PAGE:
Despite obvious international pressure on the KRI to cancel or postpone their referendum, the Kurdish leadership seems to proceed as planned. President Barzani and Kurdish leaders have noted on several occasions that holding the vote does not mean that the KRI would unilaterally declare independence anytime soon. While it is unlikely that the vote would prompt international armed conflict, both Turkey and Iran may fear that it could further ignite centrifugal tendencies of their own Kurdish minorities, should they impose sanctions on the land-locked KRI. In June and July, Iran briefly ceased the flow of water in the Zab and Alwand rivers, which was widely interpreted as a message conveying Tehran’s unease with the planned referendum.

Disputed territories

The independence referendum has been opposed as unconstitutional by major political factions in Baghdad, including PM Haidar al-Abadi and the head of the ruling Shia coalition National Iraqi Alliance, Ammar al-Hakim. After the failure of talks between Erbil and Baghdad, the Iraqi parliament voted on 12 September against the referendum and authorised PM al-Abadi to take any necessary measures to preserve Iraq’s borders. The main source of conflict is the Kurdish plan to hold the referendum in territories disputed between Erbil and Baghdad, according to Article 140 of the 2005 Constitution, including oil-rich Kirkuk, Khanaqin and Sinjar. Kurdish leadership regularly refers to such territories as ‘Kurdistan areas outside of the Kurdistan Region’, despite the fact that they still legally fall under Baghdad’s administration. Since the outset of war against IS, Kurdish forces have managed to fill the vacuum in some of these areas after Iraqi forces left, namely in Kirkuk, Sinjar, Khanaqin, Tuz Khormato and parts of Nineveh Plains, and seem determined to hold onto them.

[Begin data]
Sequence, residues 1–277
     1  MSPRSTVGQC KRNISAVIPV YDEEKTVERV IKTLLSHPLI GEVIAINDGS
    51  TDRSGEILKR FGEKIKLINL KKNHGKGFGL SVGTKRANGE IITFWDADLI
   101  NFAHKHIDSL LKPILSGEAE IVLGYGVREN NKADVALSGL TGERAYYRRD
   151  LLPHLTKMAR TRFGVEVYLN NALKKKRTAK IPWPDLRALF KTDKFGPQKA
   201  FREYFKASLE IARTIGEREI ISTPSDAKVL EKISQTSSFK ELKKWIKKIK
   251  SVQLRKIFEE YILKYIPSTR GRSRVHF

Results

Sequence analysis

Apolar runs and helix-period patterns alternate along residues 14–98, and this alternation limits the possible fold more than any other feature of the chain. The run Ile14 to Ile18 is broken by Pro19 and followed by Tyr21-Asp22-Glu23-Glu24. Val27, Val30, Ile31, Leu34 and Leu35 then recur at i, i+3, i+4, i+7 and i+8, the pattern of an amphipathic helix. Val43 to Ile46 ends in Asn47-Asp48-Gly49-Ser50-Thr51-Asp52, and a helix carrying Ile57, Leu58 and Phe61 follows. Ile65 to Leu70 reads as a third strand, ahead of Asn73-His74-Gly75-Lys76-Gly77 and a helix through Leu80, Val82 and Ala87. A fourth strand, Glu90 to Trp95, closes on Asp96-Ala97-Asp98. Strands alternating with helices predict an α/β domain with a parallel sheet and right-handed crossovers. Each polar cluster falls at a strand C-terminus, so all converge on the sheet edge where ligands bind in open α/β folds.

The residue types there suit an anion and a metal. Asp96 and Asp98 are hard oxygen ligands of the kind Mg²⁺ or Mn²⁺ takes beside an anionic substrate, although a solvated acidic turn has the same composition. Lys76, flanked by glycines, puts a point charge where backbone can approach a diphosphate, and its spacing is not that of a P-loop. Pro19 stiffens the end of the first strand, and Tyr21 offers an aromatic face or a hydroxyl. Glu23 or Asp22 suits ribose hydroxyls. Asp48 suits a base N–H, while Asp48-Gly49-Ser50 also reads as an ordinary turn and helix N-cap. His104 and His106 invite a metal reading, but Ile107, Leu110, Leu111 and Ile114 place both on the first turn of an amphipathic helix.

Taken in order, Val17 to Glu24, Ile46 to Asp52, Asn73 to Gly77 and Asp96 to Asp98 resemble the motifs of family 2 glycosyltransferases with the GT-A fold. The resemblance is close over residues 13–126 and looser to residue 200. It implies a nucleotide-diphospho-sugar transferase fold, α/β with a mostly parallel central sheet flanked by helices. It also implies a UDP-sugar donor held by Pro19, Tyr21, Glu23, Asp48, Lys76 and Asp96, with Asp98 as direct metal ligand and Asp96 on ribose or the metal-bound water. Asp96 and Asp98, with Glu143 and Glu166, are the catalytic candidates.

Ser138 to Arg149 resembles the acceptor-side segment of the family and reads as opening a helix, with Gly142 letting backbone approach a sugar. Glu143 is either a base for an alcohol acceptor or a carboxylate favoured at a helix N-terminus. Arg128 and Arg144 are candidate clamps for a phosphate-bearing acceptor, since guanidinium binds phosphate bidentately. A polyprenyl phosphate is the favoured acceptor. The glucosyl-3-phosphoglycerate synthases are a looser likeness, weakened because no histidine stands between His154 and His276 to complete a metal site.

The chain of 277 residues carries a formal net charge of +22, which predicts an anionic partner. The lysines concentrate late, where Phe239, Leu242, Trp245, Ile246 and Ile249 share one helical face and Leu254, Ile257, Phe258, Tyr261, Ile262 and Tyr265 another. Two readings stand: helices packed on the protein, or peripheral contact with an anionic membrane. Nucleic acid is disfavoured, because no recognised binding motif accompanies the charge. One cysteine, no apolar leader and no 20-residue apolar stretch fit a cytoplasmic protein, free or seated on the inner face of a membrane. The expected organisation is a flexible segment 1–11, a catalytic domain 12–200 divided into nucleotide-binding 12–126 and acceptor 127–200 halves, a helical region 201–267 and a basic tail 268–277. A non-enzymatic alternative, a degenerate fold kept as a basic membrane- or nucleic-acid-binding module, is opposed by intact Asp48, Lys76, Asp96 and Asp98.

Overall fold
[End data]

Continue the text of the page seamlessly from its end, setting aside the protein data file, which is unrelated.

Bargaining chip

Iraqi Kurdistan has already experienced one independence vote in January 2005, which was subsequently used as an argument to win greater autonomy from Baghdad. It is likely that the 2017 vote will be used for political gains, just as in 2005, primarily as a bargaining chip to win further concessions from Baghdad.  Unlike in 2005, the September 2017 referendum will include disputed territories such as Kirkuk, where it has met with opposition from the Turkmen and Arab populations. If the KRI manages to obtain overwhelmingly positive results it may bolster its legitimacy and grasp over disputed areas, in ways that surpass military presence. Despite Baghdad and Erbil not signalling any desire to initiate such conflict, the proximity of potentially hostile forces in the north increases the risk of armed clashes in disputed areas.

Tomáš Kaválek is a Ph.D. Candidate at the Department of Political Science, Faculty of Social Studies, Masaryk University in Brno and a Middle East and North Africa Analyst at Association of International Affairs (AMO).

About author: Tomáš Kaválek